Prudence and Prevention: An Empirical Investigation

Thomas Mayrhofer¹ (with Hendrik Schmitz²)

1 Hochschule Stralsund

2 Paderborn University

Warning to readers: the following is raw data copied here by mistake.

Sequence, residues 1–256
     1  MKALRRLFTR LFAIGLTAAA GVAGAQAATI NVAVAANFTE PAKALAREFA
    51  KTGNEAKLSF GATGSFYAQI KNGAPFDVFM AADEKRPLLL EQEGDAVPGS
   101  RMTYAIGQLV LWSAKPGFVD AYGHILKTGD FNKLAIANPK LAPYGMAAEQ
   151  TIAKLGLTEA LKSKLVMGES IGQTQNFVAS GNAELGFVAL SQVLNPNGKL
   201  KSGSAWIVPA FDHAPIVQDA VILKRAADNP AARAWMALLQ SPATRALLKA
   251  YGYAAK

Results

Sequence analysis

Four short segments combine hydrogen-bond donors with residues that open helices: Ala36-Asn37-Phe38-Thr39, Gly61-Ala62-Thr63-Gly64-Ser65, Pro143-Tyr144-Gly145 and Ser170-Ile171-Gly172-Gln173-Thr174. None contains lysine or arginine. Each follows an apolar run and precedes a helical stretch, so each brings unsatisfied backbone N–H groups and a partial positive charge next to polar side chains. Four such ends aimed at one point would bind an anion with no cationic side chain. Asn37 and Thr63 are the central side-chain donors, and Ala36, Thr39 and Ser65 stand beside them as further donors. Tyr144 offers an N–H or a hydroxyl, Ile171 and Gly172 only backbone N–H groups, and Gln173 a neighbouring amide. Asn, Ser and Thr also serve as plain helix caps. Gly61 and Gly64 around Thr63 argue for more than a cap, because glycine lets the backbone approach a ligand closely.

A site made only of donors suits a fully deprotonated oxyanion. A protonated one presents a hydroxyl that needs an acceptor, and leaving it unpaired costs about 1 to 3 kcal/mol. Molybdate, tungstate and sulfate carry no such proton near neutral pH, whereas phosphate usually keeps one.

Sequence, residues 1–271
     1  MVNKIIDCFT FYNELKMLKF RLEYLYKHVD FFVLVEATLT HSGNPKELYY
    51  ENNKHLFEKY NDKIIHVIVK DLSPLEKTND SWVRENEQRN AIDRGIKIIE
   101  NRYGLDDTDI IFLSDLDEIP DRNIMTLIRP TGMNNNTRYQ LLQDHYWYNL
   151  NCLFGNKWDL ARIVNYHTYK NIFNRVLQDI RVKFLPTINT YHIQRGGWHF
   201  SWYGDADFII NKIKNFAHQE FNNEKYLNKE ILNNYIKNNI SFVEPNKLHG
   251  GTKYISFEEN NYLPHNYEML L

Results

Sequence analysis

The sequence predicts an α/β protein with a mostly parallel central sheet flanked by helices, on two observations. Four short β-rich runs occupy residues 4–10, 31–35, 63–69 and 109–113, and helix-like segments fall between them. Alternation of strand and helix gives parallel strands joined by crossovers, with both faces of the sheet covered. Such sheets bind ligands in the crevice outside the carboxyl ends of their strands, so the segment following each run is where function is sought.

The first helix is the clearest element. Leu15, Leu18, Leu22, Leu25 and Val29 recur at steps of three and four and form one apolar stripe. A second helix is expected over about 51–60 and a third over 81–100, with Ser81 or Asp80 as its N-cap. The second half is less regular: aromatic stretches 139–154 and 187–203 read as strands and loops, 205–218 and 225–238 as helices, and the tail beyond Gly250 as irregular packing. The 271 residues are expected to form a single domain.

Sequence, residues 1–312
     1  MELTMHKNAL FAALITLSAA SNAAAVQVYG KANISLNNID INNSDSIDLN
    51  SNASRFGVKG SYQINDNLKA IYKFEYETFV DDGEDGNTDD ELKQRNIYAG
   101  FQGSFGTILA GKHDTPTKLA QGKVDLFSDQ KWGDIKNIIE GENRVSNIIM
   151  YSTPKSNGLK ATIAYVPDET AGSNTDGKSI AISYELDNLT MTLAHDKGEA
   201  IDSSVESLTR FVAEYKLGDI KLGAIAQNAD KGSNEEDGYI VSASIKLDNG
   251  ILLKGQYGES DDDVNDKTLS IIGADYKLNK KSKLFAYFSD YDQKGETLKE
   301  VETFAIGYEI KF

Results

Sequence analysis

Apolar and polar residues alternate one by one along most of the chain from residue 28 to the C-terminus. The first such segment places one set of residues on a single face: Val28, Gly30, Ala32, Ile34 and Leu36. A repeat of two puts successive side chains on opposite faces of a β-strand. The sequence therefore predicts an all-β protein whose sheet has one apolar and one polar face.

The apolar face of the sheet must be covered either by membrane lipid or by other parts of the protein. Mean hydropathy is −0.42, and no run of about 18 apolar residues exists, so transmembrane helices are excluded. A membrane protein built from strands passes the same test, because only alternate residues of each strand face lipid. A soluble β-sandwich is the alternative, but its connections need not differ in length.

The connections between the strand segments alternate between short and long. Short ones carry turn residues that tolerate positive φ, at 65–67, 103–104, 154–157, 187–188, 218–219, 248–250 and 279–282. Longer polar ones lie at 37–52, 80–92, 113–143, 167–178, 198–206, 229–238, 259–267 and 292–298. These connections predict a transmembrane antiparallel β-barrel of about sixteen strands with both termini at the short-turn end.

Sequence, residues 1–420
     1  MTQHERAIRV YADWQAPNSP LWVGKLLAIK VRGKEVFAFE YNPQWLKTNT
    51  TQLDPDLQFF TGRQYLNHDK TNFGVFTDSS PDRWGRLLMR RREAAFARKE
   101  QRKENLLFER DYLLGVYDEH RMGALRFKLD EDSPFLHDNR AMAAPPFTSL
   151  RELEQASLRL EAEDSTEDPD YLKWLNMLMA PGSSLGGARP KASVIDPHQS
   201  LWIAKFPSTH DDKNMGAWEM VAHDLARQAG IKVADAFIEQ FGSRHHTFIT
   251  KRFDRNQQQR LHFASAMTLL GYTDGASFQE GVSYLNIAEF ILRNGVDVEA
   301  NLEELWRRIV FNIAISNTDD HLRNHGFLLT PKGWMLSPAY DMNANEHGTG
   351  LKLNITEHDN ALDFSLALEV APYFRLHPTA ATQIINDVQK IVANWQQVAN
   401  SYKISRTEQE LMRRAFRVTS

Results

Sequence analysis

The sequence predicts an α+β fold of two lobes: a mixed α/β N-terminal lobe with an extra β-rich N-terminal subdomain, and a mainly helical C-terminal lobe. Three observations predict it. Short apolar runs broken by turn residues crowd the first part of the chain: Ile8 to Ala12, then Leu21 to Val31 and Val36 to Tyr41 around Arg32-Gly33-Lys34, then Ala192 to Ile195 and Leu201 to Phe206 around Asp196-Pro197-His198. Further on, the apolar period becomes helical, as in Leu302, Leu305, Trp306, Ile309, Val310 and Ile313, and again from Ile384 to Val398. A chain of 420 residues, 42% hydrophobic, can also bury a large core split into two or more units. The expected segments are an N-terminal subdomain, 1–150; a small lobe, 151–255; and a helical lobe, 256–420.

Theoretical papers show that optimal prevention decisions (in the sense of self-protection) depend not only on the level of (second-order) risk aversion but also on higher-order risk preferences such as prudence (third-order risk aversion). We study empirically whether these theoretical results hold and prudent individuals show less preventive effort (in the sense of self-protection) than non-prudent individuals. We use a unique dataset that combines data on (higher-order) risk preference and various measures regarding prevention, such as the use of flu vaccination (prevention in the sense of self-protection) and mammograms (prevention in the sense of self-insurance). We find that for high risk individuals such as individuals >60 years of age, prudence has a significant negative impact on the likelihood of undergoing flu vaccination. We find no such effects for screening methods such as mammographs, i.e. prevention in the sense of self-insurance.